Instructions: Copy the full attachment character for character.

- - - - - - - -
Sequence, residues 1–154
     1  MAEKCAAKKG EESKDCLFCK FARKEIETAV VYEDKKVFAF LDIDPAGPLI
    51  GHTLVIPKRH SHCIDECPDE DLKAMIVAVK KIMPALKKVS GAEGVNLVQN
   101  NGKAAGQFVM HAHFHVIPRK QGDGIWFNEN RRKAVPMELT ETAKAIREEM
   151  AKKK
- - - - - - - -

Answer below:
Sequence, residues 1–154
     1  MAEKCAAKKG EESKDCLFCK FARKEIETAV VYEDKKVFAF LDIDPAGPLI
    51  GHTLVIPKRH SHCIDECPDE DLKAMIVAVK KIMPALKKVS GAEGVNLVQN
   101  NGKAAGQFVM HAHFHVIPRK QGDGIWFNEN RRKAVPMELT ETAKAIREEM
   151  AKKK